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Old August 12th, 2002, 06:39 PM   #1
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Large Screen Stream example

Our first of this size. Incredibly file size is only 4mb but you still need broadband to view it or you will be waiting around for awhile. You wont need a video codec its done in Flash.

filmed with the xl1, let me know how it played for you
http://www.mantaproductions.com/fullscreen

cheers
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Old September 4th, 2002, 11:33 AM   #2
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Worked fine

Even on my crappy video card at work <:)
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Old September 4th, 2002, 01:45 PM   #3
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That's great to hear!

I was disappointed that nobody had any comments on it, you saved the day :)

Cheers,

JP
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Old September 4th, 2002, 03:16 PM   #4
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Very cool.

Seemed to come across fine on my setup: T1 connection behind firewall, Apple G4 400Mhz, Internet Explorer 5. It did seem to drop frames periodically - I'm assuming to keep the pix in sync with the audio. It also seemed to eat up a decent amount of time in determining my 'bandwidth' before reflecting that anything was downloading. (Maybe this is just a display issue and it is downloading from the get go?)

Interesting approach. I would imagine though that it would require *quite* a bit of work on the front end, if for nothing else than generating masks for all of your objects/video. (Are you shooting all of the video elements against green screen? If so, do you find that this "SV" approach is limited to content that can be shot that way? You did seem to have some frames with quite a bit of motion blur - added in post?) And then of course compositing everything together.

But still a very interesting look. I also like the sequence of the mouse on the guy's arm (on your front page)...kind of simple yet surreal.

Clayton
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Old September 4th, 2002, 04:05 PM   #5
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Lots of great observations! and here is a long answer,

Playback is delayed, you could have begun watching from the get go with your connection. You probably had the whole thing downloaded by the time the guy started speaking.

We tested on a 450 G4 and the Flash player is not as fast on the Mac so even though it worked fine on ours I think we were at the limit.

As for the work, we lost our location at the last moment and ended up shooting against a white wall. I had to cut the frames out by hand, something I will never do again. A good green screen would make life great but -->

What we usually do is shoot with whatever background we intend to have in place. We first shoot a clean background and then the talent gets in place and we shoot the scene. When we render out to jpgs, we crop as tight to the talent as possible and then compost over the clean background in Flash, doesnt take much time to do this and really lowers the bandwidth and processor power required. In some cases action might move across the background like a car say, and then we just crop each jpg as tight as possible to the car and compost it over the clean background same as before. This takes a little time but its not that bad.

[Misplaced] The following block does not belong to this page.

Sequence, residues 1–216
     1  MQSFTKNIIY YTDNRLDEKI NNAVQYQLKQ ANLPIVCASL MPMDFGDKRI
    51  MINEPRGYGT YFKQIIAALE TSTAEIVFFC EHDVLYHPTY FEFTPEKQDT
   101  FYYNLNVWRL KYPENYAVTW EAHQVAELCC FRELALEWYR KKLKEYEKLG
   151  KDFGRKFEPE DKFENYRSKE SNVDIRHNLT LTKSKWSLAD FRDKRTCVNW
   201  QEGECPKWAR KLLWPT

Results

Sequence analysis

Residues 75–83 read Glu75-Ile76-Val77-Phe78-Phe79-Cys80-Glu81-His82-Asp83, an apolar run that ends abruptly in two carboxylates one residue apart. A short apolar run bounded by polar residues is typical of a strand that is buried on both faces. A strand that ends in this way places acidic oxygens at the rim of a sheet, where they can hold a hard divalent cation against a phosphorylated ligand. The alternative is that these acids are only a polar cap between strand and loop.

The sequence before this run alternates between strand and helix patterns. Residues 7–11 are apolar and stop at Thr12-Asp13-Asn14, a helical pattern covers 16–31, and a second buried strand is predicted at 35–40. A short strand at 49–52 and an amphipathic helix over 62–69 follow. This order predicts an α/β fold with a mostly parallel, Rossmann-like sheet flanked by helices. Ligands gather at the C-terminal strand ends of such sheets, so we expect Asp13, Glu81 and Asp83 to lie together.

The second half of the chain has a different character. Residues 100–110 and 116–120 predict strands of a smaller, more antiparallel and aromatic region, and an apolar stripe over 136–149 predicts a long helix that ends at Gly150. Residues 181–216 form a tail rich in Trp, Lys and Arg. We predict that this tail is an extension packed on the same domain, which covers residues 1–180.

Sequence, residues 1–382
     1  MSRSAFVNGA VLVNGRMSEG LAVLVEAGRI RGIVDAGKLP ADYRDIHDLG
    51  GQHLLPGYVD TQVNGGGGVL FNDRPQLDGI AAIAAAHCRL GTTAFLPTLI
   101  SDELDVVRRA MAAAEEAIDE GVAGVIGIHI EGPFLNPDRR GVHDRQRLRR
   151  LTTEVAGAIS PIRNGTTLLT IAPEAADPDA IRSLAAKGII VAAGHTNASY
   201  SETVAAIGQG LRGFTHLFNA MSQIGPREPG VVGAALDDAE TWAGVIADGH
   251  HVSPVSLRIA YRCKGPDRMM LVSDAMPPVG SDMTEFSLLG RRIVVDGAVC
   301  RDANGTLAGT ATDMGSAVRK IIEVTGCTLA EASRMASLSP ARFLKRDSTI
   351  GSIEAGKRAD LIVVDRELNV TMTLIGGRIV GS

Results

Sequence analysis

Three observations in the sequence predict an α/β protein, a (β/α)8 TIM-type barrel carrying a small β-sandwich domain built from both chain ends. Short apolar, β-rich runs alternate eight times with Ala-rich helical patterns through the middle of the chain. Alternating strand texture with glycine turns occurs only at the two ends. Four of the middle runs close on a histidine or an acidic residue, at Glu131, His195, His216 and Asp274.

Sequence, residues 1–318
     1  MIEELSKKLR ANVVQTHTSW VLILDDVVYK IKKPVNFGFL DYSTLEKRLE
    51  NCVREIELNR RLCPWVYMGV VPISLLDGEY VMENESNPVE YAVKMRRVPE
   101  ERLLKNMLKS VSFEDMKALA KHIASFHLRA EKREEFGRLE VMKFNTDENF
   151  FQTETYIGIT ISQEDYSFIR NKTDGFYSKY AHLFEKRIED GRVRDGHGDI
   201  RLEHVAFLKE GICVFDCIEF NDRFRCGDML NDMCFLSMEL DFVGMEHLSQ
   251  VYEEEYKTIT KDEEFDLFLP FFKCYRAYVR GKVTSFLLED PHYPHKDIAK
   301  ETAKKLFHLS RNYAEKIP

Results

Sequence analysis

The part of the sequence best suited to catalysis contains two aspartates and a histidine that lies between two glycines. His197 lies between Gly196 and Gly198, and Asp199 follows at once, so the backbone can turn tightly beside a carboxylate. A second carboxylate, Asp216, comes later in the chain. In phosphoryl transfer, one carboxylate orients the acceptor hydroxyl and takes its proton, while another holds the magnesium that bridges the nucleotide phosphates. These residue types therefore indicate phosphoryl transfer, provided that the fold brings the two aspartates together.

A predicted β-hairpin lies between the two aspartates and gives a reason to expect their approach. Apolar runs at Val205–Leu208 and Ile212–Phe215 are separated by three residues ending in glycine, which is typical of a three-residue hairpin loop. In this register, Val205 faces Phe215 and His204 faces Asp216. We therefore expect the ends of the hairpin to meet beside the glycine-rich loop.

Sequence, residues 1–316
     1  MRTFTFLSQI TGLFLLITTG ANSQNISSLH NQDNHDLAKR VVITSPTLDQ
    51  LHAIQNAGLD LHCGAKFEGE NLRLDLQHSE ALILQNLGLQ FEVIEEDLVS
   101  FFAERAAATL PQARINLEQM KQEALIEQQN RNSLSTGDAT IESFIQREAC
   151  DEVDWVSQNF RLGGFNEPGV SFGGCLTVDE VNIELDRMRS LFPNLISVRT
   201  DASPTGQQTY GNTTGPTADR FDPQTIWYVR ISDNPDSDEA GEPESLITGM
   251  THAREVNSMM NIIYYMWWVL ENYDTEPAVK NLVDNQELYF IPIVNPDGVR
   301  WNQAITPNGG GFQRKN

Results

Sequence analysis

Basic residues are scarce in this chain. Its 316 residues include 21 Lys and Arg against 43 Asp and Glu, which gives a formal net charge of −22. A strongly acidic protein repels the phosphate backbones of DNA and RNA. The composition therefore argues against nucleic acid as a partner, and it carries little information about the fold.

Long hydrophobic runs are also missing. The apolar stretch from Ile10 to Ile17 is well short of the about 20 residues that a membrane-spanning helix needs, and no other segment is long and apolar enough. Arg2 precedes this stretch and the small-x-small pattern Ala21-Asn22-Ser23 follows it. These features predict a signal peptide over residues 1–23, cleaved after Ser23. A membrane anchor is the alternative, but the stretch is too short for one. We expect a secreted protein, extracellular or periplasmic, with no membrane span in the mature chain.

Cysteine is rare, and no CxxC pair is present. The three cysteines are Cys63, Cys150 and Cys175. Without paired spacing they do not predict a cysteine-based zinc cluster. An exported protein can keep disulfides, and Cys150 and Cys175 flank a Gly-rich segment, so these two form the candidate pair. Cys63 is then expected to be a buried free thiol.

We applied motion blur mostly (I think) to the girl spinning out. I kind of liked the effect. Because she was moving so fast it looked a bit choppy. The alternative would have been to slow it down before cutting frames and that usually works well.

We see SV as being good for short large screen TV style adverts though we have encoded a few movie trailers http://www.mantaproductions.com/demo.html we did those last year. And we like it for other stuff like below

This is a work in progress we shot on the xl1. This is just plain SV no composting. Remember- under construction so expect broken links, copy not complete, etc.

click on CLASSES then click on either- BOXING, AEROBIC KICKBOX or SPARRING. I know those videos are up at this moment.

Whats cool about the approach we took here is that all the variables for the SV video are contained in the database and so the video.swf just loads into a template player. Maintenance is a breeze.

These are fast moving choppy videos, the idea was to make it all seem like a killer workout. In truth most of the people were sluggish as hell :) but Im not criticizing them, I probably would have had a heart attack.

http://www.southfloridaboxinggym.com/NEW

cheers,

JP
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Old September 4th, 2002, 06:28 PM   #6
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Thanks for the info. That makes perfect sense. I've actually had to do this with some clips in video projects, but never considered doing it in Flash.

With the boxing video, how did your SV technique play a role there? It looked like every frame either had motion filling it or the camera was moving/zooming itself, seeming to preclude the option of cropping the action over a 'still' background.

Clayton
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Old September 4th, 2002, 06:56 PM   #7
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Yeah, we use SV that way also, no composting just straight sequences. When there is that much action going on the DV codecs dont offer any advantages quality or file size wise and that makes the flash 4 compatability factor really attractive.

I am putting up the next 3 tonight.

take care,

JP
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